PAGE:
Saturday, October 19, 2013
Once Upon a Time: New Fairy Tales
Prime Books, 2013
Adult Fairy Tales Short Story Collection
Source: Received an e-ARC via Netgalley in exchange for an honest review.
As has been long documented on this blog, I adore fairy tales in pretty much all iterations so of course I was going to take the opporutnity to read the new variations contained in this book. My usual policy for short story collections is to review each individually (just a few sentences) so be ready for a long one today because we have eighteen to cover.
"The Coin of Heart's Desire" by Yoon Ha Lee: This story is based on a Korean folktale so it was not one I was familiar with but it does have dragons and is very well-written. I was not expecting the ending but loved how it all panned out.
"The Lenten Rose" by Genevieve Valentine: This is based on The Snow Queen, a story I only vaguely know and I did not really like this retelling. I wonder if more familiarity with the original tale would have helped me here. I kept feeling like I was missing something...
"The Spinning Wheel's Tale" by Jane Yolen: This is an author whose name I've seen a lot but who I actually haven't read though several of her books are on my list. Here her offering is a short variation on the tale of Sleeping Beauty, looking at the innocent at the heart of the story. It's very short so it didn't make much of an impression on me.
"Below the Sun Beneath" by Tanith Lee: The Twelve Dancing Princesses was always one of my favorite stories as a kid so I just adored this elaborate retelling. Though the beginning left me wondering where we were going, I soon caught on and was thrilled with the feminist slant included. This was probably my favorite of the stories.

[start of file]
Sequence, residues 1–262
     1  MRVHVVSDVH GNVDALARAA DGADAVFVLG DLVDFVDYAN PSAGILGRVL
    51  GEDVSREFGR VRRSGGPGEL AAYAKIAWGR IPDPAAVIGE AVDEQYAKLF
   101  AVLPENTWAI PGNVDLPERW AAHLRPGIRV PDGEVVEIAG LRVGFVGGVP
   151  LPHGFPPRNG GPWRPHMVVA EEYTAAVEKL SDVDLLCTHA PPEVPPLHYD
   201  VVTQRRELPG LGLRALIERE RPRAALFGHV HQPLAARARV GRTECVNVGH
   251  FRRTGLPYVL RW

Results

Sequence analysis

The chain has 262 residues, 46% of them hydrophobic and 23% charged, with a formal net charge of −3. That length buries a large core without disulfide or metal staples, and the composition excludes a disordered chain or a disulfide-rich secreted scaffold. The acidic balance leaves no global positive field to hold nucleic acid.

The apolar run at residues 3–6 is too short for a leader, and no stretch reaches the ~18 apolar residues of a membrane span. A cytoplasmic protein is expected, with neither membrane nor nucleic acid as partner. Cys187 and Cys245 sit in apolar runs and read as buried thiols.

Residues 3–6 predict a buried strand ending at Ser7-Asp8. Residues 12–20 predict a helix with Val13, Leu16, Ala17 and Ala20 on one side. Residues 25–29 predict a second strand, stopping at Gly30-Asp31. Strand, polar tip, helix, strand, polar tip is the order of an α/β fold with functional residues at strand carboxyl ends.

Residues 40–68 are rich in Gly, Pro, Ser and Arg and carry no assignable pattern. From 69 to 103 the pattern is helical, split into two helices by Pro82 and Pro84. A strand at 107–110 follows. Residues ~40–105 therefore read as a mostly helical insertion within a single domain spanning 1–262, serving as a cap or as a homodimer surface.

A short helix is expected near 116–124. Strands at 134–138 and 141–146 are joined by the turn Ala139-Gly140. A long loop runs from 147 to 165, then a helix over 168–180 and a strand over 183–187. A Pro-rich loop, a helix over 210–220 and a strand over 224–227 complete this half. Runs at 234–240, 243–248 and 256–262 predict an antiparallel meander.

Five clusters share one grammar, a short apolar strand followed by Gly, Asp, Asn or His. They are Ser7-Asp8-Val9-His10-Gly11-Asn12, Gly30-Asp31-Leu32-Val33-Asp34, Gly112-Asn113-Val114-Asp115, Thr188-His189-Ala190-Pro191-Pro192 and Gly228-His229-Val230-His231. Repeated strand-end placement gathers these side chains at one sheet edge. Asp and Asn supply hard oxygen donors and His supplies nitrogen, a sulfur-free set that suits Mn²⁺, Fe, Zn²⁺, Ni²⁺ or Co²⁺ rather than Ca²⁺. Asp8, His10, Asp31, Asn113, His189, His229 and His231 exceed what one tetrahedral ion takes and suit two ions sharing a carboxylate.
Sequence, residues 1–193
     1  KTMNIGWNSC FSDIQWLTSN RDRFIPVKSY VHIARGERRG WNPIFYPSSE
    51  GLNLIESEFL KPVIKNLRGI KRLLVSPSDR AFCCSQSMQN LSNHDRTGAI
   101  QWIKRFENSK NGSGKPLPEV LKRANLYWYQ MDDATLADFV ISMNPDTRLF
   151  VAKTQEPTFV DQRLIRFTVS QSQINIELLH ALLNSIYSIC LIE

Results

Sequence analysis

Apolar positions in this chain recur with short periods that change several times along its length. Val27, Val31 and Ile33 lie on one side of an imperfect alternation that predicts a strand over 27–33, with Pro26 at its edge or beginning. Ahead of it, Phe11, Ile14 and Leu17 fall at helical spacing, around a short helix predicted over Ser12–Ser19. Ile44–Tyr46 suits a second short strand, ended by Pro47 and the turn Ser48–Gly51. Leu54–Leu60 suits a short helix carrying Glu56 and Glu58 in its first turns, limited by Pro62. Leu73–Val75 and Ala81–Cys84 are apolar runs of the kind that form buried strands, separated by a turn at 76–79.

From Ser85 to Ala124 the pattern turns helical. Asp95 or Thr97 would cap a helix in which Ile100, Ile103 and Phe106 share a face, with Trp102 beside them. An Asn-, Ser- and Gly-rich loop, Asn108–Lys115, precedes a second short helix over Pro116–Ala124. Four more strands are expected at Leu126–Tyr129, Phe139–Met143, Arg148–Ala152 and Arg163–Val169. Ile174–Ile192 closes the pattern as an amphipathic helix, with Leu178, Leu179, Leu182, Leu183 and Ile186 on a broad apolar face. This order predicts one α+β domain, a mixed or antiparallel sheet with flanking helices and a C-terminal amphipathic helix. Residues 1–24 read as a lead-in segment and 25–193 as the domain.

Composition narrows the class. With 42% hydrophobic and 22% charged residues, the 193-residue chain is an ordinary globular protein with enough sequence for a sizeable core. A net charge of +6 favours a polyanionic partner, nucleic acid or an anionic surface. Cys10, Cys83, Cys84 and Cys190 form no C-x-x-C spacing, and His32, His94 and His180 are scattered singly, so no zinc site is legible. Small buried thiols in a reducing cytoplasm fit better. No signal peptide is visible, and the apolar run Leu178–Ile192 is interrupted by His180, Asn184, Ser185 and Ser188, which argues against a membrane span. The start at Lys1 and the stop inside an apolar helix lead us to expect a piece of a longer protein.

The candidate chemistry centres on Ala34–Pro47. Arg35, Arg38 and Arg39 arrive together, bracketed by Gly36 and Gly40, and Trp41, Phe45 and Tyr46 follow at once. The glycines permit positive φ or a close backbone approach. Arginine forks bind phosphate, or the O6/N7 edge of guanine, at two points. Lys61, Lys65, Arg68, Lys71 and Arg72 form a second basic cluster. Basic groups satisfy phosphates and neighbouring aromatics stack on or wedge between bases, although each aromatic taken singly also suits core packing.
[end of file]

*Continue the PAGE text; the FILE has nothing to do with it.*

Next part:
"Warrior Dreams" by Cinda Williams Chima: I admire the intention behind this story which looks at a contemporary soldier struggling to reintegrate himself to civilian life and being brought into a battle with some fantastical creatures. The writing for this never clicked with me and I had trouble staying engaged with the story.
"Born and Bread" by Kaaron Warren: I've never heard of the Russian story "Sivka Burka," which inspired this interpretation but I loved how it was rolled out here. I don't have much to say about it but this was another one I liked.
"Tales That Fairies Tell" by Richard Bowes: This was a weird take on Puss in Boots though admittedly that is never one of my favorite stories despite getting to live with an adorable cat who could totally rock boots if he so chose. I did not find much to impress in this story but I'm sure it will intrigue others.
"Sleeping Beauty of Elista" by Ekaterina Sedia: takes as a starting point a pediatric AIDS outbreak in Elista and weaves in a bit of Sleeping Beauty to shake things up. This one had a heavy air of melancholy over it but was beautiful all the same.